The court finds that the ALJ provided good reasons for the weight given to various aspects of Dr. Scheidler's opinion. See Thomas v. Sullivan, 928 F.2d 255, 259 (8th Cir. 1991); King v. Heckler, 742 F.2d 968, 973 (6th Cir. 1984) (holding that the ALJ is not bound by conclusory statements of total disability by a treating physician where the ALJ has identified good reason for not accepting the treating physician's opinion, such as its not being supported by any detailed, clinical, or diagnostic evidence). Additionally, the court finds that the ALJ's decision to partially credit Dr. Scheidler's opinion is based on substantial evidence and that Plaintiff's arguments to the contrary are without merit. See Perks v. Astrue, 687 F.3d 1086, 1092 (8th Cir. 2012) (ALJ's decision to partially discount consultative physician's opinion was proper; substantial evidence supported ALJ's decision to reject physician's suggested 4-hour sitting limitation, and substantial evidence supported ALJ's inclusion of physician's suggested 6-hour sitting limitation in claimant's RFC).

D. ALJ's Determination that Plaintiff had the RFC to Perform Medium Work With No Forceful Gripping:

Plaintiff's contention that the ALJ's determination that she can perform medium, work with no forceful gripping is not based on substantial evidence. (Doc. 13 at 13-18). As stated above, medium work involves lifting no more than 50 pounds at a time, with frequent lifting or carrying objects weighing up to 25 pounds. A person who can perform medium work can perform sedentary and light work. 20 CFR § 416.967(c). For the following reasons, the court finds that the ALJ's determination that Plaintiff had the RFC to perform medium work, with no forceful gripping, is supported by substantial evidence.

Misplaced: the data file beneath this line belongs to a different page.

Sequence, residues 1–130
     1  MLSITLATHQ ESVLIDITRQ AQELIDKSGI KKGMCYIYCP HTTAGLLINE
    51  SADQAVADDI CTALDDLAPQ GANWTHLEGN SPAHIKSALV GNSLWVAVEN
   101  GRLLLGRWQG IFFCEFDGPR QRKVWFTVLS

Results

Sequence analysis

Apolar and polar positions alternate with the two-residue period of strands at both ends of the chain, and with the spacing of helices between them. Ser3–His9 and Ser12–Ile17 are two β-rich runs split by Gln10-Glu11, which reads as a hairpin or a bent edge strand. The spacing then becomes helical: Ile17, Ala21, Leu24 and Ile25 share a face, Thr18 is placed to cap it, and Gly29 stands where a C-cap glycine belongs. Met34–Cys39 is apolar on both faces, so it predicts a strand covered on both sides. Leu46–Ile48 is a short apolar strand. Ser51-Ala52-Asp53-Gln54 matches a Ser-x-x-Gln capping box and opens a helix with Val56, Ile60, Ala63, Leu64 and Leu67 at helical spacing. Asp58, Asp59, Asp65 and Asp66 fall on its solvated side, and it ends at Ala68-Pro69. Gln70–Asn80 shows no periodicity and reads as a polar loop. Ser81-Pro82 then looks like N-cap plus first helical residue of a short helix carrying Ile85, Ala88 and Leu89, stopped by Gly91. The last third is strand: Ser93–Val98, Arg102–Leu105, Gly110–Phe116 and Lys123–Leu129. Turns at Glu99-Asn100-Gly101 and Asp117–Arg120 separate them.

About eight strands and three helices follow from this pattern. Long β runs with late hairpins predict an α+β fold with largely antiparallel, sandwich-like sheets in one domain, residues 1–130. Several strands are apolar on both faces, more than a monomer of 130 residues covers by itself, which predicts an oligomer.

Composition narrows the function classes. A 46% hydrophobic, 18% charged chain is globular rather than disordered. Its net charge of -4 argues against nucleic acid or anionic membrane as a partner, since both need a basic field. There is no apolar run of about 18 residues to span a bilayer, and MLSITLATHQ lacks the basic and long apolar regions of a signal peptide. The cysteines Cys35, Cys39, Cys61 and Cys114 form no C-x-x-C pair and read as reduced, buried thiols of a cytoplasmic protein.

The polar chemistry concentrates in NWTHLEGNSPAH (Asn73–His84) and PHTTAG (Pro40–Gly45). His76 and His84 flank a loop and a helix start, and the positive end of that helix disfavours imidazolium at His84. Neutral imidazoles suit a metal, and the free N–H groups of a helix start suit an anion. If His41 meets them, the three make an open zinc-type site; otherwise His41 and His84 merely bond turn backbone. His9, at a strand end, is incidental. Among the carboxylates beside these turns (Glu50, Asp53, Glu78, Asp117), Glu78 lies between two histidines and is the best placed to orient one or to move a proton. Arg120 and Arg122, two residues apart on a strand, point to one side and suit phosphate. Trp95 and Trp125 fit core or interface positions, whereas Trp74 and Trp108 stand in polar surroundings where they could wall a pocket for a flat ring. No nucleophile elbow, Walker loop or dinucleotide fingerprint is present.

As discussed above in regard to Plaintiff's credibility, the ALJ considered that Plaintiff's treatment records for her complaints of back, neck, and hip pain were not what one would expect for a person who was totally disabled. As considered by the ALJ in regard to Plaintiff's back pain, in January 2012, just prior to Plaintiff's alleged amended alleged onset date of February 15, 2012, Plaintiff had mild tenderness in her right sternocleidomastoid area, moderate paraspinal tenderness in the lumbar spine, and mild hip tenderness, with no sacral spine tenderness. (Tr. 19, 340). The ALJ also considered that Plaintiff generally continued to have pain in the mild to moderate range in these areas and was treated with medication. (Tr. 19). In July 2012, Plaintiff had normal gait, her physical functioning was better, and she was told to continue with home exercise as tolerated. (Tr. 409-410). In November 2012, Plaintiff had normal gait and tenderness only in the midline lumbar spine, which was moderate, and "diffusely moderate foot pain." (Tr. 390). In February 2013, Plaintiff's lumbar/sacral spine was normal to inspection and her neuromuscular exam was normal. (Tr. 456-58). Also, Plaintiff's February 2013 lumbar spine radiological report showed only small spurs, no paraspinal swelling, intact S1 joints, and intact posterior elements. (Tr. 461). In March 2013, Plaintiff's cervical, lumbar, and sacral spine were normal; she had normal muscle strength and sensation; and she had moderate tenderness to palpation in the center of her spine. (Tr. 452-54). Significantly, May 2013 radiological testing of Plaintiff's spine showed normal alignment and moderate narrowing at L5-S1. (Tr. 446).